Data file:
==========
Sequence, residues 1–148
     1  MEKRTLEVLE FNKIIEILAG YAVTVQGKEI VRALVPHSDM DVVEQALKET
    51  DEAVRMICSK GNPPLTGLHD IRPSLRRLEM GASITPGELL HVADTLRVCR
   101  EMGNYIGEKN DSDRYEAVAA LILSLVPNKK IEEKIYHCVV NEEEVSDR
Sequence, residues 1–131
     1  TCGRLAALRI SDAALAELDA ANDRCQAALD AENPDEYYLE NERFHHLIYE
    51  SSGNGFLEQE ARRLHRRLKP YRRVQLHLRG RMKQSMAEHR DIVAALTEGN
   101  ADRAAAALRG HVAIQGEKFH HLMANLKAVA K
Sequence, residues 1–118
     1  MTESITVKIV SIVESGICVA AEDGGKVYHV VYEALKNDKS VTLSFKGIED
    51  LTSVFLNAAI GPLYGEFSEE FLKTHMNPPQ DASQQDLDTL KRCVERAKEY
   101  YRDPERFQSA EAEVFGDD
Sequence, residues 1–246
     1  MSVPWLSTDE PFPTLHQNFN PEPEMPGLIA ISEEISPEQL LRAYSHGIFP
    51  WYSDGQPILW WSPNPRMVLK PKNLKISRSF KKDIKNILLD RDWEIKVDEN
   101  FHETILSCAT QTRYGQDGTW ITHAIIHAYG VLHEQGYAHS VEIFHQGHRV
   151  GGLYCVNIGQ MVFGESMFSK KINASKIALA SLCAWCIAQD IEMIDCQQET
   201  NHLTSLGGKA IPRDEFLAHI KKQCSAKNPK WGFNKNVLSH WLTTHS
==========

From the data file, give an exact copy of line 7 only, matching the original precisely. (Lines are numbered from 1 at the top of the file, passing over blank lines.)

    51  SSGNGFLEQE ARRLHRRLKP YRRVQLHLRG RMKQSMAEHR DIVAALTEGN